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Volunteering and How Doing Good is Good for You

Volunteering and Community Impact

One of the better known benefits of volunteering is the impact on the community. Unpaid volunteers are often the glue that holds a community together. According to the Cooperation for National and Community Service about 64.5 million Americans, or 26.5 percent of the adult population gave 7.9 billion hours of volunteer service worth $175 billion during a 12 month period.

During its 100 years of existence Jewish Family Service has benefited from many volunteers. These volunteers have made the implementation of the mission of JFS and its impact on the community possible. Commonly translated as Loving Kindness, Kindness or Love, Chesed, is central to Jewish ethics and Jewish theology. Chesed is considered a virtue on its own, and also for its contribution to tikun olam. As you can see Chesed is the basis of a wide variety of communal institutions.

The Health Benefits of Volunteering

Good health is as much of a journey as it is a destination. Traditionally, our health has been left to the care of our doctors, nurses and other health professionals.  In recent years we have started to realize that good health means much more than a set of numbers tracking height, weight, heart rate and cholesterol. It starts with the individual. Taking an integrated approach to well being includes physical and emotional health, sense of purpose and connections to our overall quality of life.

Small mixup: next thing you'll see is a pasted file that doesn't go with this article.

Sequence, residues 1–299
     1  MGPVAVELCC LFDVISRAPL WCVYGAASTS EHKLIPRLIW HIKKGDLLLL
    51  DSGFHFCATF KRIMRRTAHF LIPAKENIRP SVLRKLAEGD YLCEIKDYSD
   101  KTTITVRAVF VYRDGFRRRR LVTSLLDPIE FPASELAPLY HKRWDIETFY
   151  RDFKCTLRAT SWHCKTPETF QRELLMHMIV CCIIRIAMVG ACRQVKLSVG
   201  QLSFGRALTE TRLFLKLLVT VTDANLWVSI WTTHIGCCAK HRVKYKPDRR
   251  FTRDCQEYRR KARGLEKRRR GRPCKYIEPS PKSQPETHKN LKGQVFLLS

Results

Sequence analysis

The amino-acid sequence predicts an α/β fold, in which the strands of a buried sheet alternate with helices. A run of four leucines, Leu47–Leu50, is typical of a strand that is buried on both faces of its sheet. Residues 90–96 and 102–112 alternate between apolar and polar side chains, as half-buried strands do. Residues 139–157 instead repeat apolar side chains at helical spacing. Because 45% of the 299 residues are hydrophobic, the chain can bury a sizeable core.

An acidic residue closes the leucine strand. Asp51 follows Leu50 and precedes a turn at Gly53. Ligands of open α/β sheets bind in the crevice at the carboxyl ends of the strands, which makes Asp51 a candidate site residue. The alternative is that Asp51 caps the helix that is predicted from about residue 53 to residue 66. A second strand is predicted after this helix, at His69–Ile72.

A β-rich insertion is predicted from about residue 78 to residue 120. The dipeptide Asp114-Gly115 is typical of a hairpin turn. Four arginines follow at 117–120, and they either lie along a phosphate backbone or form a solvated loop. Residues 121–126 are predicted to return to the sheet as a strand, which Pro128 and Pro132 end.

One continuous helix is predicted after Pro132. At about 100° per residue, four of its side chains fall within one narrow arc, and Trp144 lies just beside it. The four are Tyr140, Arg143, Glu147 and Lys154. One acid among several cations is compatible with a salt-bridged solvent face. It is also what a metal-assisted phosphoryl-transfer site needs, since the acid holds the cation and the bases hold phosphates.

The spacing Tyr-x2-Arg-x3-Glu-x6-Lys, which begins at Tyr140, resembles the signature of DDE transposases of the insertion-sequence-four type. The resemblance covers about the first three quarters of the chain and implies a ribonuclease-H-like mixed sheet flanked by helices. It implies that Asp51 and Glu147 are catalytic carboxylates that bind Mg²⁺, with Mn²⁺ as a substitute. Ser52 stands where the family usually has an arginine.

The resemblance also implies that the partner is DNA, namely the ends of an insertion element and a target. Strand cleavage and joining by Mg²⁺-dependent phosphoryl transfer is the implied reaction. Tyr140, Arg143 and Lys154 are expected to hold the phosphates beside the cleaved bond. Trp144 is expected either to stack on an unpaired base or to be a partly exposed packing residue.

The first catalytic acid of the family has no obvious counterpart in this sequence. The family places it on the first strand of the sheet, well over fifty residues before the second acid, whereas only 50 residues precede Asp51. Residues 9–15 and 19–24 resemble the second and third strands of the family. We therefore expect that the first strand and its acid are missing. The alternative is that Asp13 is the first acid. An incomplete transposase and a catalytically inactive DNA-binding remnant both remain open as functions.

A new study by the United Health Group and the Optimum Institute has found a link between volunteering and better physical, mental and emotional health. Here are some of the more interesting findings: Of the people interviewed who volunteered during the last 12 months: 78% of the interviewed said that volunteering has lowered their stress levels;   94% said that volunteering helped improve their moods; 96% said it enriched their sense of purpose in life and more than 75% said that volunteering has made them feel healthier.

Your Connection to the Community

In addition, volunteering allows you to connect to your community and make it a better place. Even helping out with the smallest tasks can make a real difference to the lives of people and organizations in need. And volunteering is a two-way street: It can benefit you as much as the cause you choose to help. Dedicating your time as a volunteer helps you make new friends, expand your network, and boost your social skills.

Jewish Family Service has many volunteer opportunities, small and bigger.  Please call Lorrie Loughney at 570 344-1186 x204 to explore how volunteer opportunities can match your interests and passions.